The former home of the King of Rock 'n' Roll always leaves visitors All Shook Up.
Graceland is still thriving more than 35 years after Elvis' passing.
When the doors of celebrity homes open to the public, profits and attention are invited in. Graceland is arguably the most successful example of a famous home turned museum in the United States.
When Graceland transformed from home to museum on June 7, 1982, Elvis' ex-wife Priscilla Presley says she was not sure how much interest the public would demonstrate. To her surprise, the museum quickly sold 3,000 tickets on the first day.
More than 30 years later, the house draws an average of 600,000 paying visitors each year, with 20 per cent of travellers coming from outside of United States, according to Elvis Presley Enterprises (EPE), the operator of the late singer's estate.
Today, Graceland ranks as the second most visited once-private home in the US, following the White House, which draws 900,000 visitors on average each year.
"Graceland is one of the more unique historic home tours in America," says Kevin Kern, a spokesman for EPE.
"Very rarely are we invited through the front door of a celebrity's home to take a tour and see how they lived, and Graceland offers that to fans of Elvis and music/pop culture enthusiasts."
Visitor attendance ranges from a few hundred people on a weekday in winter months to 2,000 to 3,500 people per day in the spring and early summer and more than 4,000 per day at the height of the travel season in July. The peak season lasts from Memorial Day through to Labour Day, with June and July marking the busiest times.
The concept behind the museum was, in large part, to help generate income. After Elvis died at Graceland on August 16, 1977, the estate he left had a cash-flow problem, costing more than $500,000 a year in maintenance and taxes. It seemed logical for Priscilla and the executors to open Graceland to the public. In 1981, Priscilla and others hired the investment counsellor Jack Soden to oversee the total operation of Graceland.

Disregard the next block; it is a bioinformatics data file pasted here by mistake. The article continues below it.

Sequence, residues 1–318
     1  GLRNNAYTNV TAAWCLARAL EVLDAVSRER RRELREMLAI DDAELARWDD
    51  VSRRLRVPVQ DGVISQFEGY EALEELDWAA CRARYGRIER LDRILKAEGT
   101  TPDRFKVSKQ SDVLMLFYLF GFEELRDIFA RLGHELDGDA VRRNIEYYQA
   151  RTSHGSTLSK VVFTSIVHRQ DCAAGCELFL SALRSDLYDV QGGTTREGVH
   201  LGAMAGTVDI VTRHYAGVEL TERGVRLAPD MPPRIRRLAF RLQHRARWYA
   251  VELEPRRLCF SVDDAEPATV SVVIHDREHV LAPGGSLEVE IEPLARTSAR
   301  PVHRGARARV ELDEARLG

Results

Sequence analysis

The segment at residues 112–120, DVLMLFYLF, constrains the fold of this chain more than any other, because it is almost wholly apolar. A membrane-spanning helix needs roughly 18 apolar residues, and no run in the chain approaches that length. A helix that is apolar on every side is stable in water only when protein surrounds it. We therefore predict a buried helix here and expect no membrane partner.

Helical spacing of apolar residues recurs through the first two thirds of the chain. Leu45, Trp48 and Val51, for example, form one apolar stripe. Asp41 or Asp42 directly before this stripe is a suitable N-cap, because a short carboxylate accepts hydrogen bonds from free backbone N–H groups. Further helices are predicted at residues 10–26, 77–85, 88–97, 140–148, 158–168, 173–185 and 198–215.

The King's Castle, as Graceland is often referred to as, quickly became a huge economic driver for Memphis, Tennessee, where it is sited. Today, the total economic benefit for the city of Memphis from Graceland visitors is estimated at least $150 million per year and "possibly much more", according to EPE.
On a local scale, EPE employs about 350 people part-time and full-time year round, with that number increasing to 450 during the busy season.
Adult ticket prices range from $33 to $70, depending on the type of tour a visitor wishes to take. Tours range from admission to the mansion only to the VIP tour, which includes all exhibit areas along with exclusive extras. Discounts are available to seniors, students and children, and group discounts for parties of 15 or more are offered.
Highlights of the Graceland visitor experience include Elvis' Lisa Marie Jet and Hound Dog II JetStar planes, which Elvis' father had sold in 1978. They were brought back to Graceland and opened for on-board tours in 1984. The Elvis Presley Automobile Museum in Graceland Plaza, which opened in 1989, is another big draw.
Graceland Plaza comprises many shops and attractions, which are owned and operated by EPE.
At first, guides led visitor tours at Graceland. However, in the early 1990s, self-guided audio tours were implemented and replaced tour guides. Audio tours are now held in nine different languages to serve international guests.
"Annual events enhance tours during certain times of the year," says Mr Kern.
"There's Elvis' birthday in January, the Elvis Week celebration in August and, during the holidays, Graceland is decorated just as Elvis had it during the Christmas season."
A key to Graceland's success is the museum's timed-entry system, in which visitors buy a ticket in advance allowing them to enter the mansion at a specific time. Each ticket is used to get on a bus across the street from Graceland, which begins the tour.
"Elvis' global appeal more than 35 years after his passing is unrivalled," says Mr Kern.
"A common question is, why do so many people still come?
"It is a difficult question to answer," he says.
"Elvis is a phenomenon who continues to attract fans and intrigue music fans and pop culture aficionados.
"A visit to Graceland is much like a pilgrimage for some, to learn more about the man behind the music and the roots of rock 'n roll in Memphis."